Yes, good book.
Read this one recently  

In the Wake of Madness -

The ordeal of the whaleship Essex was an event as mythic in the nineteenth century as the sinking of the Titanic was in the twentieth. In 1819 the Essex left Nantucket for the South Pacific with 20 crew members aboard. In the middle of the South Pacific, the ship was rammed and sunk by an angry sperm whale. The crew drifted for more than 90 days in three tiny whaleboats, succumbing to weather, hunger, and disease and ultimately turning to drastic measures in the fight for survival.

Nathaniel Philbrick uses little-known documents, including a long-lost account written by the ship's cabin boy, and penetrating details about whaling and the Nantucket community to reveal the chilling events surrounding this epic maritime disaster. An intense and mesmerizing read, In the Heart of the Sea is a monumental work of history forever placing the Essex tragedy in the American historical canon.

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2 minutes ago, Woodsman416 said:

I borrowed this book from Mike Meekins (Meekins Air Service) in Alaska as I was leaving. I finished it on my flight home and mailed it back to him. I read a lot and really enjoyed this one.

 

 

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Thanks, I did not read this one yet

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30 minutes ago, Lunatic said:

Yes good book, I read it along with South, Alone in the Ice, Fatal North, In the Kingdom of Ice The Terror, Endurance and few others fascinating books on Arctic early exploration  

I’ll have to check some of those out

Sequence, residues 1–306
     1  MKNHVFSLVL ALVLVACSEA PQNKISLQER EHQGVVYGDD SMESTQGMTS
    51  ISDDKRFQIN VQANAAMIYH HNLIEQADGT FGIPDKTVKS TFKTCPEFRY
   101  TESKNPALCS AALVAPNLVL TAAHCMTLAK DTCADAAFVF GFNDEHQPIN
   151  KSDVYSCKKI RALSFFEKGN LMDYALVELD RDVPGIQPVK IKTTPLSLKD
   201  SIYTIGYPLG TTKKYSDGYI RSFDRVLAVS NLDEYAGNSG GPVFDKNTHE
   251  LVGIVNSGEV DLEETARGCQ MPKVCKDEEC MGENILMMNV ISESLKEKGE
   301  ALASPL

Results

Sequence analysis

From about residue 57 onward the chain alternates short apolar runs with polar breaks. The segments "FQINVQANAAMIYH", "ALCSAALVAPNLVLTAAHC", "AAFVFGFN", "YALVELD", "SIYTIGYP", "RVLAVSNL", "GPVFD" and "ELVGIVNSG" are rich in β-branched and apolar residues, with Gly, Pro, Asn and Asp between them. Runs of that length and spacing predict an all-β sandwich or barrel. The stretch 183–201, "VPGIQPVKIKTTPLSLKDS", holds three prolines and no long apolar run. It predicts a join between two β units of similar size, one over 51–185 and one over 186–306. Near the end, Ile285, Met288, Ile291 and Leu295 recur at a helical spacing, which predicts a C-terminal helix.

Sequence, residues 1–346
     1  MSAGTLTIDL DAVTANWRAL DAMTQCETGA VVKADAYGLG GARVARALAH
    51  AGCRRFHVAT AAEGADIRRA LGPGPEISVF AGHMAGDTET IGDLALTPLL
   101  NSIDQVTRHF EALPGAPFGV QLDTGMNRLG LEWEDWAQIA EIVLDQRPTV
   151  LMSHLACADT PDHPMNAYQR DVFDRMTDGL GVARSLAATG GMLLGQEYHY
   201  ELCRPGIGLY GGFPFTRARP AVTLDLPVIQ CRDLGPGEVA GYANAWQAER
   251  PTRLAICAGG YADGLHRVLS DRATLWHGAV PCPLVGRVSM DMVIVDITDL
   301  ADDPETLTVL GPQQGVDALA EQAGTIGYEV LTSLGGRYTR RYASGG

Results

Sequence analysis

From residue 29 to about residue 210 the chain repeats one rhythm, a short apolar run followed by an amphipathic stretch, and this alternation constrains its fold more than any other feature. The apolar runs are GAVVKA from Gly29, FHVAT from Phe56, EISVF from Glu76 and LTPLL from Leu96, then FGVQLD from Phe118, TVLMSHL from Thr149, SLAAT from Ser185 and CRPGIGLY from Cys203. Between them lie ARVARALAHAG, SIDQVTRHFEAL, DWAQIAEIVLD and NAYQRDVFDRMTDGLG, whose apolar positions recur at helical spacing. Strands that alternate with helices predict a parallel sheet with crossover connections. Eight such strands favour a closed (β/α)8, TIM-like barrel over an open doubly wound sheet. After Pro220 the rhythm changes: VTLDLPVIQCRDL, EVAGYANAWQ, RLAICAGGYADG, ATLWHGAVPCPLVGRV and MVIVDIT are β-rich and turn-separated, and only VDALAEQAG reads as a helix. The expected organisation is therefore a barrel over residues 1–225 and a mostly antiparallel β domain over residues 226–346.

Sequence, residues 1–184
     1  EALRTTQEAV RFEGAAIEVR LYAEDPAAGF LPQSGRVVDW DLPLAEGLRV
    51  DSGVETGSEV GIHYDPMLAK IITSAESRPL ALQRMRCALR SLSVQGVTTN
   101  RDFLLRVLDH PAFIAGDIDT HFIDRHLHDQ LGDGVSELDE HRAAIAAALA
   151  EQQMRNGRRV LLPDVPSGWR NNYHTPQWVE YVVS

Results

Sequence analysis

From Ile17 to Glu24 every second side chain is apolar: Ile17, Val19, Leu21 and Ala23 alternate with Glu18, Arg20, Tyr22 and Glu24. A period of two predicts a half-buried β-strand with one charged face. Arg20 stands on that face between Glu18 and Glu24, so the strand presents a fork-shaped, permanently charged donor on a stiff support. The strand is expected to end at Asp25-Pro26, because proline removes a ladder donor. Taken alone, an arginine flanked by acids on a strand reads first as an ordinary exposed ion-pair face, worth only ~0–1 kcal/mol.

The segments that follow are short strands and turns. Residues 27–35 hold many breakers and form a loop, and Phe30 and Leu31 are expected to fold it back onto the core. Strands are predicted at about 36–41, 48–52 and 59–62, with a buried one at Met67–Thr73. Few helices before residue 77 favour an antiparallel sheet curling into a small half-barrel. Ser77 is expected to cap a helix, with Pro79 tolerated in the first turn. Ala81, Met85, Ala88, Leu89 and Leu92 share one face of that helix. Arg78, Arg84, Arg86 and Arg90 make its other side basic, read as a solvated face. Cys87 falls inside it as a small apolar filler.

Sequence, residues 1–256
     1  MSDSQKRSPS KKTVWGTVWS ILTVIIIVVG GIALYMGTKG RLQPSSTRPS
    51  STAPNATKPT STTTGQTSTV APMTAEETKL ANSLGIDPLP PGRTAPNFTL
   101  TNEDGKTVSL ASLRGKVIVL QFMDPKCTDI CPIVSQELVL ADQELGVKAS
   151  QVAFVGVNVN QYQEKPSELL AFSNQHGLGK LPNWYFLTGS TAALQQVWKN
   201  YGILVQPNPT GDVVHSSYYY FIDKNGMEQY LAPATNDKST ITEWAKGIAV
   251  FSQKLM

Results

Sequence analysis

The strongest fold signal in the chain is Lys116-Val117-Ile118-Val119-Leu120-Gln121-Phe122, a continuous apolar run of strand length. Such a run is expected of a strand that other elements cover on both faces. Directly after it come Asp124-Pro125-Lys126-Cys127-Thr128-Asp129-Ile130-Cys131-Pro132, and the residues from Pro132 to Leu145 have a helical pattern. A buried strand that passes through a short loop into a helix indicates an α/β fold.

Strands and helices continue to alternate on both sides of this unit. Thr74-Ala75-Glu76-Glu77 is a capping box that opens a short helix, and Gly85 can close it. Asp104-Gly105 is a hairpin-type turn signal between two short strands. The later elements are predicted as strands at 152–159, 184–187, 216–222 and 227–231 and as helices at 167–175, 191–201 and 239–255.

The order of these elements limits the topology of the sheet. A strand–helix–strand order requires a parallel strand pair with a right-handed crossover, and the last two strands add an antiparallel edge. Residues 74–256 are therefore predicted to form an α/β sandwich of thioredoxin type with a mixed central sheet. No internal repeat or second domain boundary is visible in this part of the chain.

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Posted (edited)
18 minutes ago, Tuck said:

Unbroken by Laura Hillenbrand.  Couldn't put it down once I started reading.  Skip the changed for hollywood movie.  

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Unbroken is a Must read. I could not put it down. Japs were subhuman and anyone thinking dropping the A bomb was wrong should read it. Great, great book!!!

Edited by Lunatic
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One of my all time favs is the Iliad.  I probably  read that book at least 5 Times.

 The Odyssey  which follows the Iliad is also good

   There is  3rd book which ties in to the 2 above that few know about- called the Anead.

  The defeated Trojans- all who were left sailed for Italy and their Greatest Warrior- Aineas founded Rome as their new Capital. 

  Hannibal is a very good book based on the Brilliant  man of Carthage. 

  I have 25 or so books on ww1 fighter aces of both sides.

  A few good books on the Red Baron as well. WW1 leading Fighter Ace of both sides with 80 Planes shot down.

   And many others on diverse topics.

  I believe,  I  have over 50 Books on Turkey Hunting. Some are worth many hundreds of dollars.